Addis Ababa, the capital of Ethiopia, has now an operating light rail system. The first line commenced operations on September 20, 2015, while second line is still under construction. The significance of this rail system should not be undermined, given this is not Europe where every large city has effective public transport system.
Almost every large city in Africa suffers from heavy traffic, and transport systems are nothing short of chaotic. Addis Ababa has now shown that brand new rail infrastructure can be built within a densely built city. The next challenge is it to be an operational success.
The Addis light rail is being built, largely funded, and also operated by the Chinese. The network has double tracks to allow frequent service and is partly underground. Apart from the two initial lines, more lines are under planning. The ride cost up to 6 Birr (0.27 USD). Ticketing sounds cheap, but there are plenty of poor people in Addis who still can’t afford it.
The rail network, even if expanded from its initial two lines, will not reach every part of the city. It should be supplemented with a bus network using the same ticketing system. Only then people can conveniently travel around the city by public transport regardless where they live, work and spend their free time.
It is essential that car-owning middle and upper class commuters will adopt the new railway. The risk is that they will shun it citing safety concerns and poor connections. Then they will keep driving to work every day and traffic jams will stay, probably only getting worse.
Another challenge is how electric rail system will work in a city where power outages are a commonplace. Addis light rail has its separate grid, but this is of little help when power generation is too low.
What will Addis Ababa urban rail system will be ten years from now? Will it flourish and transform Addis residents’ transport habits for good? Or will it be let run-down like what has happened to almost every African railway system? For the sake of other cities, Africa needs a positive example what effective public transport is like.
Several North African cities have urban rail systems, but there are only few in Sub-Saharan Africa. Many cities have existing railways passing through, but in most cases these are in derelict state and not used to passenger traffic, if any traffic, at all. Instead the public transport relies on minivans and buses with little government control, and these usually contribute to, rather than alleviate congested traffic.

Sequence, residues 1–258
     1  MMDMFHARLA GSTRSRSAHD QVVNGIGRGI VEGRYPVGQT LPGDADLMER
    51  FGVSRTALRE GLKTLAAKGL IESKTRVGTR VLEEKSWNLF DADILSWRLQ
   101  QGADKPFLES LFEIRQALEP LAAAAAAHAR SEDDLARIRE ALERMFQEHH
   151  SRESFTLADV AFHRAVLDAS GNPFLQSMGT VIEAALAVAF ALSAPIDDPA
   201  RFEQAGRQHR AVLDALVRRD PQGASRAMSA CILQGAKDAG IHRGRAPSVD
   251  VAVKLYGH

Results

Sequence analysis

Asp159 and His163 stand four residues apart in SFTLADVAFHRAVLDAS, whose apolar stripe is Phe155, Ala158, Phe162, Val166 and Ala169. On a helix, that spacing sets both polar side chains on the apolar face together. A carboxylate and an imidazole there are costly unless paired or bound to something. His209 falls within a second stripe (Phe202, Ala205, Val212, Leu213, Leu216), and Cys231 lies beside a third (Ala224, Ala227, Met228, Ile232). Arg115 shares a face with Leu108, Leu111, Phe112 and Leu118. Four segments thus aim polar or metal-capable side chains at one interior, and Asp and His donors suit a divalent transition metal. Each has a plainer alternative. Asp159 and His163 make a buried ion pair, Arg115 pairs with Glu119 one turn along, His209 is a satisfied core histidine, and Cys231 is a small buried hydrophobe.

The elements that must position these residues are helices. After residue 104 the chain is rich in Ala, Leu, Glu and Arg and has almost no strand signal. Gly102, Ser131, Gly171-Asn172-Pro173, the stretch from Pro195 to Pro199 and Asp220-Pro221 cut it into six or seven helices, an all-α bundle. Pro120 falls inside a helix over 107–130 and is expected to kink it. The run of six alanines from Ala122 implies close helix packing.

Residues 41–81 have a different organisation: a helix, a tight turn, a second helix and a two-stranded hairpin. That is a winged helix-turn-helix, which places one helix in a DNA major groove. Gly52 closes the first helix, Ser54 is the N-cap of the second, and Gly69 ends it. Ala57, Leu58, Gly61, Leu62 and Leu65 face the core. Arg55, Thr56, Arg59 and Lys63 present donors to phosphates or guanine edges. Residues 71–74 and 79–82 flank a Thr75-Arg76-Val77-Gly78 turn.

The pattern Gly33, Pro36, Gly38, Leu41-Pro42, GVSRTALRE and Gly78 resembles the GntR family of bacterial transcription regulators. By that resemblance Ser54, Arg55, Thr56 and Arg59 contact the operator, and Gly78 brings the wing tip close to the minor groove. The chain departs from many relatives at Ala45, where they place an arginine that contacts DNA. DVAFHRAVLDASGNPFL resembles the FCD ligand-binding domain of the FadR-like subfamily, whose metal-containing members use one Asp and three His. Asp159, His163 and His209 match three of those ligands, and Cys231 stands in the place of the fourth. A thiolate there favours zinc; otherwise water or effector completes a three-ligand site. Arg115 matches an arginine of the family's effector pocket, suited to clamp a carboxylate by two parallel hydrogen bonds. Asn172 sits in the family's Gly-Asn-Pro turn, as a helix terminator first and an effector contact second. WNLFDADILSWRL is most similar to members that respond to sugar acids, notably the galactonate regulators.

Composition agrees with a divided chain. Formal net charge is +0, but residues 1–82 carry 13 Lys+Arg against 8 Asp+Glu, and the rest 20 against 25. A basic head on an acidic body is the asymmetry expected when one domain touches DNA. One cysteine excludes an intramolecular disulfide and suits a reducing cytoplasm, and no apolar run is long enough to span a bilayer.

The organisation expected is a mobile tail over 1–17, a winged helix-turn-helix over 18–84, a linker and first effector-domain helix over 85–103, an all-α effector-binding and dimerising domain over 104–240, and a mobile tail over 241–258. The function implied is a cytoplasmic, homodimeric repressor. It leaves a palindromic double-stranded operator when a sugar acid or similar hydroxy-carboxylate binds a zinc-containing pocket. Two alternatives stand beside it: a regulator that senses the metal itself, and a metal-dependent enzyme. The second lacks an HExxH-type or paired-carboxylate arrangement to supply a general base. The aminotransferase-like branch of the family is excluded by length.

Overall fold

Gauteng area (Johannesburg-Pretoria) had two separate rail systems, Metrorail used by lower social classes, and the more posh Gautrain. Durban and Cape Town have also Metrorail networks.
Nairobi has so-called commuter rail, but it only runs in the morning and late afternoon. Coupled with unreliability, it is exactly what an effective urban rail system should not be. The new Soykimau line has nice stations though, but seeing only few trains a day. It is unlikely that the Nairobi urban rail would be upgraded anytime soon, even the planned Airport link seems to have been stalled. Instead, Nairobi urban transport plan is now based on Rapid Bus system.
Dar es Salaam’s long-awaited Rapid Bus Transit system is set to be operational later this year. The city has also limited peak-time only commuter train system, similar to Nairobi.
The Nigerian capital Lagos has urban rail network still under planning, however, it will still take will years to be operational.
After decades of neglect, it is positive to see major African cities now taking their transport crisis seriously and public transport is being developed in the right direction. A railway line or two will not solve problems, but is a good start anyway. Proper planning is vital, be it railway, bus or minivans, these should form a coherent network offering frequent and convenient, yet cheap enough services around the city.
Investing in public transport, especially in railways is very expensive. It may be cost-effective to let privately run minivans to take care of commuters. But eventually, the costs of heavy traffic jams far exceed the amount investing in better public transport would take. To date, if any measures have been made to reduce traffic jams, it has been building of new roads, but once number of cars increases traffic jams will be as bad as always.
In European cities most people prefer public transport, regardless of their social status. As usual, Africa is a different story. The poorest may walk long distances because the cannot afford existing public transport no matter how cheap it is. Then there are middle class car owners who opt not to use public transport because they don’t have to. Creating a public transport system that caters everyone’s needs is a challenge no African city has answered yet.